Article image

Plants are losing their ability to help mitigate climate change

Terrestrial ecosystems are gradually losing their ability to help mitigate the impacts of climate change, according to a study from NASA Goddard. The experts found that 86 percent of land ecosystems are becoming less efficient in absorbing carbon dioxide (CO2) as it increases in the atmosphere.

Trees and plants absorb CO2 as they photosynthesize, which helps to remove the heat-trapping greenhouse gas from the atmosphere, where it accelerates global warming. 

In a phenomenon that is referred to as the carbon fertilization effect (CFE), elevated levels of CO2 cause an increase in photosynthesis and plant growth. CFE has been considered an important mechanism to help reduce levels of atmospheric CO2. 

As the fertilizing capacity of CO2 decreases, there will be major impacts on the carbon cycle and the climate. To investigate, the NASA team analyzed field studies, model-based datasets, and satellite observations. 

“In this study, by analyzing the best available long-term data from remote sensing and state-of-the-art land-surface models, we have found that since 1982, the global average CFE has decreased steadily from 21 percent to 12 percent per 100 ppm of CO2 in the atmosphere,” said study co-author Ben Poulter. “In other words, terrestrial ecosystems are becoming less reliable as a temporary climate change mitigator.”

The findings have important implications for the role that plants will play in offsetting climate change in the future. Poulter said that without the feedback between photosynthesis and elevated atmospheric CO2, we would have already seen climate change occurring at a much more rapid rate.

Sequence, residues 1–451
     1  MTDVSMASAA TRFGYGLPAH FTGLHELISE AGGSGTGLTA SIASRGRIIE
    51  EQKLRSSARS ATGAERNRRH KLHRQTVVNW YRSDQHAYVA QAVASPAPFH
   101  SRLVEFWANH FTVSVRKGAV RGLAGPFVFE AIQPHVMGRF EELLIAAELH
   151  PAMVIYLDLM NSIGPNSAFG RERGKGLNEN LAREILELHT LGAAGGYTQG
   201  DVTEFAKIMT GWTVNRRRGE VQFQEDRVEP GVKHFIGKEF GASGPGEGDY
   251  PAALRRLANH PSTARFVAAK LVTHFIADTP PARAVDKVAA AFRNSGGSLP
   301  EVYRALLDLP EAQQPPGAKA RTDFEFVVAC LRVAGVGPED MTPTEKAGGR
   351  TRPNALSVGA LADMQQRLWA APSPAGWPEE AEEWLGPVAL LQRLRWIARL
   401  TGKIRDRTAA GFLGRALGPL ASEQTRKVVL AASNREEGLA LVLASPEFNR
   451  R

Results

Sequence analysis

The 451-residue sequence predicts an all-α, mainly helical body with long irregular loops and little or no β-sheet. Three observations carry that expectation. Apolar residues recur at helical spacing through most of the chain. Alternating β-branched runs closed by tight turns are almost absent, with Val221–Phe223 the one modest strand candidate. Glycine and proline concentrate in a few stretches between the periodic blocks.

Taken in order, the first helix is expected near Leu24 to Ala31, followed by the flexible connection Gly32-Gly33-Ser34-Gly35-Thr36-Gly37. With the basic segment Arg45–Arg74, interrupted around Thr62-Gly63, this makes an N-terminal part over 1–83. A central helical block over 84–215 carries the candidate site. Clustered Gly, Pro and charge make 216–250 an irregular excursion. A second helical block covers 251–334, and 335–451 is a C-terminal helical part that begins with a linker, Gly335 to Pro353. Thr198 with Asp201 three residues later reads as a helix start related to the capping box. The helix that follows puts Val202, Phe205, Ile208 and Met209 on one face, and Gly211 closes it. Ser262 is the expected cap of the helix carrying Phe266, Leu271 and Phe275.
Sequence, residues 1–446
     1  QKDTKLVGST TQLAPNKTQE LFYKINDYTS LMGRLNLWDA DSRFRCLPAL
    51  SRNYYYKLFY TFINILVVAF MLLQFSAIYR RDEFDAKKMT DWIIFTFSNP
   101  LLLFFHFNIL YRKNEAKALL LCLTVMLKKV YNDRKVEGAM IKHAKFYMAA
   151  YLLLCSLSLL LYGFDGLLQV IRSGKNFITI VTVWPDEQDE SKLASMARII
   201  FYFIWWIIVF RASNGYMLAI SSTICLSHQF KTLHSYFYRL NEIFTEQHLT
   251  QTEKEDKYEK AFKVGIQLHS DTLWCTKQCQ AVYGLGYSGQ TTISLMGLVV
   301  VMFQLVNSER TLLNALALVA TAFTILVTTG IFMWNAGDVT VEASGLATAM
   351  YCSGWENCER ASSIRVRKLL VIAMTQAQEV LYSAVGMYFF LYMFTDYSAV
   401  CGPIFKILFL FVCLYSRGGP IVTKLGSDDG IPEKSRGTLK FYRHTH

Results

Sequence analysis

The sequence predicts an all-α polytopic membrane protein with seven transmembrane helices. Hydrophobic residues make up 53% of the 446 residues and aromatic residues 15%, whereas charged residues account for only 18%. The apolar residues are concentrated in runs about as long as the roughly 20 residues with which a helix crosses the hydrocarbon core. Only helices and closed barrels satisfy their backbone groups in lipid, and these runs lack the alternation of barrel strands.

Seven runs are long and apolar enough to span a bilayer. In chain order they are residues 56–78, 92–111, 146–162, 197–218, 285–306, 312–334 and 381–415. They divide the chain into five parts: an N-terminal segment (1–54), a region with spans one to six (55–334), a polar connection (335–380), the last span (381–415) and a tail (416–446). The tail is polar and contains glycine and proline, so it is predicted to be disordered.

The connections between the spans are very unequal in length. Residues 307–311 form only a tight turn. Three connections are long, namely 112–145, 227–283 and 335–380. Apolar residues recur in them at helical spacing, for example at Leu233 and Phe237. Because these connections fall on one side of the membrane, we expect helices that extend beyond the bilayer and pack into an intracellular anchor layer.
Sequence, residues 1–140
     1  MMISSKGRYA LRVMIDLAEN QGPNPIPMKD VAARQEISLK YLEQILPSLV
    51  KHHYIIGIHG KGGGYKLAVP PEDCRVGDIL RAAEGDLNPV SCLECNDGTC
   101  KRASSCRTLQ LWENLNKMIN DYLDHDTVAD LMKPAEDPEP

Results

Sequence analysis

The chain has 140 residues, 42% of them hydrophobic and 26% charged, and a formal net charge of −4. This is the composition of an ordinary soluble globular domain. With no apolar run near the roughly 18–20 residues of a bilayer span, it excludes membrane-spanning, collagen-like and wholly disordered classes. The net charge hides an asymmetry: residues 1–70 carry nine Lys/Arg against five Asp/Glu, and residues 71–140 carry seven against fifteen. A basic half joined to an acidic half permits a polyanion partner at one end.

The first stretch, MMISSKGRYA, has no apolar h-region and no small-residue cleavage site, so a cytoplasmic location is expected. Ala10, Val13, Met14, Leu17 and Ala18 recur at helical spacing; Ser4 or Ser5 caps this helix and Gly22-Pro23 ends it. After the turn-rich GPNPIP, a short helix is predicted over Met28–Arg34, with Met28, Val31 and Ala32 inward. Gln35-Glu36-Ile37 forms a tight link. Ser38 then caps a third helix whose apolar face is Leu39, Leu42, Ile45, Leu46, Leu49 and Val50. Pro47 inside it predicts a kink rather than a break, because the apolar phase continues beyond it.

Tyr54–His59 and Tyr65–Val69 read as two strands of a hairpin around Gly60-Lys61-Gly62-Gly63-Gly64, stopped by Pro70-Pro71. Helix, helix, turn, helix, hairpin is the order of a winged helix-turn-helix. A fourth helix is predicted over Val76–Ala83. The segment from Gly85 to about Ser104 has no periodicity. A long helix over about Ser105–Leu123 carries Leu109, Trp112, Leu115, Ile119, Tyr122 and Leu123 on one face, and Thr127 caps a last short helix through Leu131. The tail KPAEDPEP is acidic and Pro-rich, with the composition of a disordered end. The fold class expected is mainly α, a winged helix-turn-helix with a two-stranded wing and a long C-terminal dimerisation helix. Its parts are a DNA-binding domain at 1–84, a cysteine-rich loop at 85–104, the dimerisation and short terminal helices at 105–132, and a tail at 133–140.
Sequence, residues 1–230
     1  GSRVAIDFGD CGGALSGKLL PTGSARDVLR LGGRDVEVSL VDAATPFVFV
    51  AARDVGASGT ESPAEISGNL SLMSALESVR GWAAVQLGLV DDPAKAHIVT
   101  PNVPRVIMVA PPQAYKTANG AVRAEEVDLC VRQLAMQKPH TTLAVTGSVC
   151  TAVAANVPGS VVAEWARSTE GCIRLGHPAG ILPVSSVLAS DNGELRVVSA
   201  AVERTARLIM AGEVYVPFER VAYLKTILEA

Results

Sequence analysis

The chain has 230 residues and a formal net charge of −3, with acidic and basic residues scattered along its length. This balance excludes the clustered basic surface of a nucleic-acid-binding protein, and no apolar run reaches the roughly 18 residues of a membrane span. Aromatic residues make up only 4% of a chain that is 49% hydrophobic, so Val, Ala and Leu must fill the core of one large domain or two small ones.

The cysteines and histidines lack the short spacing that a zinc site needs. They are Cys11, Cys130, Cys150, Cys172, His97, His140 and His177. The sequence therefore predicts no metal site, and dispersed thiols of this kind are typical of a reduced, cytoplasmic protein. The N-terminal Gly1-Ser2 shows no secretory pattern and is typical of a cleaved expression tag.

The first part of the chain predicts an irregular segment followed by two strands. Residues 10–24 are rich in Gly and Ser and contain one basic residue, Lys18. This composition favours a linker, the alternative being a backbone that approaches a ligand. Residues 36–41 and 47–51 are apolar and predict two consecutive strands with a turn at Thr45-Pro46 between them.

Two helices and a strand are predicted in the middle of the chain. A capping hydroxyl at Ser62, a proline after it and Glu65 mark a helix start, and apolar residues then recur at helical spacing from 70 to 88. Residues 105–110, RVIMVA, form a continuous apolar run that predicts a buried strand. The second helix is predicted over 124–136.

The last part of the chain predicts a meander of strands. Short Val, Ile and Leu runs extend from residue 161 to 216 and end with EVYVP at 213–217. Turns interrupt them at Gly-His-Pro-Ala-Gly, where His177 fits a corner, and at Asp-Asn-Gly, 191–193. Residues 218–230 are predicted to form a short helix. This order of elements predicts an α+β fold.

It was known that the fertilizing effects of CO2 could not last forever due to other limitations. To pinpoint why CFE has been decreasing, the study authors took into account the availability of water, sunlight, and nutrients, which all have an influence on how much plants can grow. 

“According to our data, what appears to be happening is that there’s both a moisture limitation as well as a nutrient limitation coming into play,” said Poulter. “In the tropics, there’s often just not enough nitrogen or phosphorus, to sustain photosynthesis, and in the high-latitude temperate and boreal regions, soil moisture is now more limiting than air temperature because of recent warming.”

This means that climate change is weakening the ability of plants to mitigate further warming over large areas of the planet.

Remote-sensing observations revealed that the decline in CFE is much more substantial than current land-surface models have shown. Poulter said this is because modelers have struggled to account for nutrient feedbacks and soil moisture limitations.

“By combining decades of remote sensing data like we have done here, we’re able to see these limitations on plant growth. As such, the study shows a clear way forward for model development, especially with new remote sensing observations of vegetation traits expected in coming years.” 

“These observations will help advance models to incorporate ecosystem processes, climate and CO2 feedbacks more realistically.”

According to Poulter, the decreasing carbon-uptake efficiency of land ecosystems means we may see the amount of CO2 in the atmosphere start to increase, shrinking the remaining carbon budget.

“What this means is that to avoid 1.5 or 2°C warming and the associated climate impacts, we need to adjust the remaining carbon budget to account for the weakening of the plant CO2 fertilization effect. And because of this weakening, land ecosystems will not be as reliable for climate mitigation in the coming decades.”

The study is published in the journal Science.

By Chrissy Sexton, Staff Writer

News coming your way
The biggest news about our planet delivered to you each day